What do Sugar Ray Leonard, Judy Blume, Betty White, T.C. Boyle, Rodney King, Joseph Wambaugh and Kareem Abdul-Jabbar have in common? They’re just a few of the high-profile personalities appearing this weekend at the Los Angeles Times Festival of Books.
Now in its second year at USC, the 17th annual festival offers another robust two-day program of writers and celebrity authors unmatched by any other literary event across the country. More than 400 authors are scheduled to appear in panel sessions and on eight stages set up across USC’s University Park Campus.
This year’s festival blends familiar features with newer events reflecting what’s hot today in the literary marketplace. While festival goers can stroll once again with their families in the Target children’s area or listen to novelist Anne Rice discuss her latest supernatural fiction (Sunday) and Ben Fong-Torres’ memories of his Rolling Stone days (Saturday), actor John Cusack will discuss not a book but his latest book-related project, the film “The Raven,” in which he portrays Edgar Allan Poe, on Saturday.
TheU.S. Postal Servicewill conduct its opening ceremony for the stamp series “Twentieth-Century poets” Saturday at the Poetry stage; though graphic novels receive their fair share of panel attention, thanks to USC’s School for Cinematic Arts there will also be screenings of a director’s cut of the movie"Watchmen"and the documentary “With Great Power: The Stan Lee Story.”
The year has already been a busy one for the nation and the world, and the festival again demonstrates why it offers an ideal public forum for political and intellectual discussion.
Saturday panels devoted to current interest include two on the race for the U.S. presidency, the legacy of 9/11 and another on the drug trade and turmoil along the U.S.-Mexico border). Twenty years have passed since the Rodney King beating and the L.A. riots, but the memories are still vivid for King, who also takes the stage Saturday to discuss his memoir “The Riot Within: My Journey From Rebellion to Redemption” with Times columnist Patt Morrison.
On Sunday KCRW’s Warren Olney interviews Gil Garcetti, Jim Newton and Connie Rice for “Los Angeles 20 Years After the Rodney King Verdict”; another panel celebrates the 50th anniversary of the Port Huron Statement (Tom Hayden will be there).
The craft of writing — fiction and nonfiction — is the subject of numerous events on both days. On Saturday KCRW’s Michael Silverblatt hones in on how Susan Orlean brought Rin Tin Tin and others to life in her bestselling books while, on Sunday, Times Book Critic David Ulin interviews novelists Steve Erickson, Hari Kunzru and Dana Spiotta about their Golden State visions in “Fiction: California Dreamin.’”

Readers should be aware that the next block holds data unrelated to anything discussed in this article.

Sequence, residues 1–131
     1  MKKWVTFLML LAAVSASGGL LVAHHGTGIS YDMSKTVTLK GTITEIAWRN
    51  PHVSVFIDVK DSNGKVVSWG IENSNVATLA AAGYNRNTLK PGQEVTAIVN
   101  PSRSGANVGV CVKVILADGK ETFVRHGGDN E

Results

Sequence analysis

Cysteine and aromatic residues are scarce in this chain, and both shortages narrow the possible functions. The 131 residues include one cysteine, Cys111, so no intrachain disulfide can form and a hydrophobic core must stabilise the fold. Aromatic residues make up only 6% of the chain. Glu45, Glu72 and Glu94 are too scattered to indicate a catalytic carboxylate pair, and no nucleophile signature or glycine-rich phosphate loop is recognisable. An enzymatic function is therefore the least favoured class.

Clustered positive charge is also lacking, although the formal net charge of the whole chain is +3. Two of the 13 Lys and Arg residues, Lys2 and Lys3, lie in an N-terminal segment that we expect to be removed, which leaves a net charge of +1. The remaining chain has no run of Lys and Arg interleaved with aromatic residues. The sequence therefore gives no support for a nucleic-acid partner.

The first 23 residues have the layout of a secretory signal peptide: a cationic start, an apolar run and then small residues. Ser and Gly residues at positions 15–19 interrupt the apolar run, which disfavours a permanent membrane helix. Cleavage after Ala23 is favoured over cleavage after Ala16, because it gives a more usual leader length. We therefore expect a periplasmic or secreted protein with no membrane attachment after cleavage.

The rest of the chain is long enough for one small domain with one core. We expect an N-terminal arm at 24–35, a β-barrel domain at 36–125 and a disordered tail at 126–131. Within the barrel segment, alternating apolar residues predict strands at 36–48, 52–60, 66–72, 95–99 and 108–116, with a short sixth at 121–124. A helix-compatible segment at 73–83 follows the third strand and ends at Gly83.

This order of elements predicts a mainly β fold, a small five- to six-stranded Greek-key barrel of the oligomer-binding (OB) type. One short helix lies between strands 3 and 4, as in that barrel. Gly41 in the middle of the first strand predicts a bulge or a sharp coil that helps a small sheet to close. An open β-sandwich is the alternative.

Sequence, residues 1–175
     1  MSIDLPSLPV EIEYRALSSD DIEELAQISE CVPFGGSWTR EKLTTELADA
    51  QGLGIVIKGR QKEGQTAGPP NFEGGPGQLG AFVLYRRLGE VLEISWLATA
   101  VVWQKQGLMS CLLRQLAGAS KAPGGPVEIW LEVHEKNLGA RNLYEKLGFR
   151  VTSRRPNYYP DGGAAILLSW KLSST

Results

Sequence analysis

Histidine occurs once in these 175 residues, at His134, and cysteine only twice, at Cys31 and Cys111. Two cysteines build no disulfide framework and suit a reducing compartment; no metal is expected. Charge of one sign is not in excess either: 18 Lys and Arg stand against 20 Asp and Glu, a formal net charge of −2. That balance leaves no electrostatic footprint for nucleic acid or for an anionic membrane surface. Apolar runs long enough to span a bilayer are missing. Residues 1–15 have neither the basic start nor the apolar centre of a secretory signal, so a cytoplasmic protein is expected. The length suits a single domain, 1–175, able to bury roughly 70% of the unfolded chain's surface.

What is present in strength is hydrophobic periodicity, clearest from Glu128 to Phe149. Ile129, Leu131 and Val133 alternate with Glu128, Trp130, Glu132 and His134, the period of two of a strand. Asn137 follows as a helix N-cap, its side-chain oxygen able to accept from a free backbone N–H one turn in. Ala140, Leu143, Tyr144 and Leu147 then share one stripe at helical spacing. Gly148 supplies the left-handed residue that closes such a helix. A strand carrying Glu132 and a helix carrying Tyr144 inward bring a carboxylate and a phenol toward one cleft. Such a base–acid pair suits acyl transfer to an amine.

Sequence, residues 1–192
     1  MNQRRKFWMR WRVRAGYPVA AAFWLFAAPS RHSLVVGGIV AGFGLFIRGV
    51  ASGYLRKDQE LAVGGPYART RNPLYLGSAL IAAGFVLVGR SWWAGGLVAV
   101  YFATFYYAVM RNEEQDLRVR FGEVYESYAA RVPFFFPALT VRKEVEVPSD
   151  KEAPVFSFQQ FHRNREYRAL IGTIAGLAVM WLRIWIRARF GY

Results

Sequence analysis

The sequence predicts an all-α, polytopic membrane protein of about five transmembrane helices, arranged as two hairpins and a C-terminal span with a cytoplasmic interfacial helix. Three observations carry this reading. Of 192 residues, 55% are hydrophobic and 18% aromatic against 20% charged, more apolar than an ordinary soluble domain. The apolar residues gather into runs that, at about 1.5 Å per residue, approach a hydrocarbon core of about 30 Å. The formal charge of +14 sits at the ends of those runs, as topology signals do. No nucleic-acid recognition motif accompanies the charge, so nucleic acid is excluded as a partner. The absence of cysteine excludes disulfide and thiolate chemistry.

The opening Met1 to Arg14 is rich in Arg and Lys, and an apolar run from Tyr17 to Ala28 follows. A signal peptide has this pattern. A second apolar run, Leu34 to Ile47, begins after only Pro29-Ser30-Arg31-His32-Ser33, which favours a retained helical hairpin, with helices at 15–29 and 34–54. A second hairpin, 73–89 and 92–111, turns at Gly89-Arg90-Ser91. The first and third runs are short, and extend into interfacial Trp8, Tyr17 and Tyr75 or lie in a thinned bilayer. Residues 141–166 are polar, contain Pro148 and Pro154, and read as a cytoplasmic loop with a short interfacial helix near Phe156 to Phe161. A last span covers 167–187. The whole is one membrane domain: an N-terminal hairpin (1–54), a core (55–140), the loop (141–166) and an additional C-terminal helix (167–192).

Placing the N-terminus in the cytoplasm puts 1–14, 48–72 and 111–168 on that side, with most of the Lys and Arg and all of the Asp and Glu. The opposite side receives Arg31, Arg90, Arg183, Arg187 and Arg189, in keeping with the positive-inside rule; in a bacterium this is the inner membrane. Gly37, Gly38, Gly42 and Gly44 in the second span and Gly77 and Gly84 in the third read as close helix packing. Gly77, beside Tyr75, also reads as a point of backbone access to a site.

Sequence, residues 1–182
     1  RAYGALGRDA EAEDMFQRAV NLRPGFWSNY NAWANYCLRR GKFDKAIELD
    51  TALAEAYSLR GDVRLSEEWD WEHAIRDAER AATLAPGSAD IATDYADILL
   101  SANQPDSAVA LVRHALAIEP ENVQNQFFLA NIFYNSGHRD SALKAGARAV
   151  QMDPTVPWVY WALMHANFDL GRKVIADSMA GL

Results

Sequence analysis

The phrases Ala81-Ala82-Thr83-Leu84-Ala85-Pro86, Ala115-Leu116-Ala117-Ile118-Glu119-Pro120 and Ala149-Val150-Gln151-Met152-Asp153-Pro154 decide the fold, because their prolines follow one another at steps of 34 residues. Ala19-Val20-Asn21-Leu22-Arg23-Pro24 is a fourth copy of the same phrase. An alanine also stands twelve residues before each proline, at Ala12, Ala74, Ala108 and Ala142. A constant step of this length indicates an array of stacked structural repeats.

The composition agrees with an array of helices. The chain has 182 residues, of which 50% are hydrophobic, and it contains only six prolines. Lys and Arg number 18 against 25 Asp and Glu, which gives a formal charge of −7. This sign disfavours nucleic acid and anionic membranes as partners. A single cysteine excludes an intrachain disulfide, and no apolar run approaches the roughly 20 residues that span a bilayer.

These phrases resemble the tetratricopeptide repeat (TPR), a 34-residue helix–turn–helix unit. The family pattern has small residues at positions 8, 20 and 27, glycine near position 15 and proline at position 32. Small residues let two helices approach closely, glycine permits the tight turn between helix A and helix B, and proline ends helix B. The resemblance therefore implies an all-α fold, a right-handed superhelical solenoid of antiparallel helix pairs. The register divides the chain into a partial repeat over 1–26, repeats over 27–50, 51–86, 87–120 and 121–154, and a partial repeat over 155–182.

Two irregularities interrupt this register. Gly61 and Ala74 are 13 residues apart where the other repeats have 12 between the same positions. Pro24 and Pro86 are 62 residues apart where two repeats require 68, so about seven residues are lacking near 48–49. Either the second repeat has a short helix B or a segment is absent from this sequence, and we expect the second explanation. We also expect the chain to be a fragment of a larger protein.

Events taking place in theaters and lecture halls require a free ticket for admission (a $1 service is charged for acquiring them online; some tickets should also be available during the festival).
The stages, however, offer plenty of non-ticketed, easily accessible events. The cooking stage sizzles with the gastronomic art of Michael Voltaggio, Nancy Silverton, Josiah Citrin, Debbie Lee and others; the USC Stage presents musical performances throughout the weekend while music of another kind can be found at the Poetry stage. Visit the Target Children’s Stage and you’ll find “Wimpy Kid’s” Jeff Kinney along with “Saturday Night Live” veteran-turned-children’s author Molly Shannon on Saturday; Sunday’s highlights include appearances by Laura Numeroff and Julie Andrews.
For those eager for the weekend to begin, Friday night’s Los Angeles Book Prizes ceremony at Bovard Auditorium is still open to the public (tickets can be purchased online until midnight Thursday at the festival website). Contenders for the prizes, which cover 10 categories and look at the best books of 2011, include novelists Michael Ondaatje and Stephen King, poet Linda Norton, scientist Daniel Kahneman, first-time novelist Chad Harbach and young adult authors Maggie Stiefvater and Libba Bray.
Most winners will be announced Friday night, except for two award recipients who have already been identified. Praised as the “godfather and guru of Chicano literature,” Rudolfo Anaya is the Robert Kirsch Award-winner, which honors the body of work of a Western writer; and the online writers’ community Figment will be recognized with the Innovator’s award.
As the festival continues to grow and evolve, some things never change. Consider just two: parking and the weather. With such a large crowd of attendees expected, organizers advise festival goers to arrive early (the festival starts at 10 a.m. on both days) to take advantage of parking locations provided by USC (cost is $10 per day) as well as the Bullseye shuttle service running between USC and Union Station in downtown L.A.
Check your driving plans and where to eat (the food court, trucks and other dining options), or download an app for your iPhone or Android (for updates throughout the weekend), by visiting the festival website https://www.latimes.com/festivalofbooks.
Though lecture halls are shady and cool, attendees would be wise to bring plenty of sunscreen and hats for events at the outdoor venues and stages — hot, sunny weather is expected.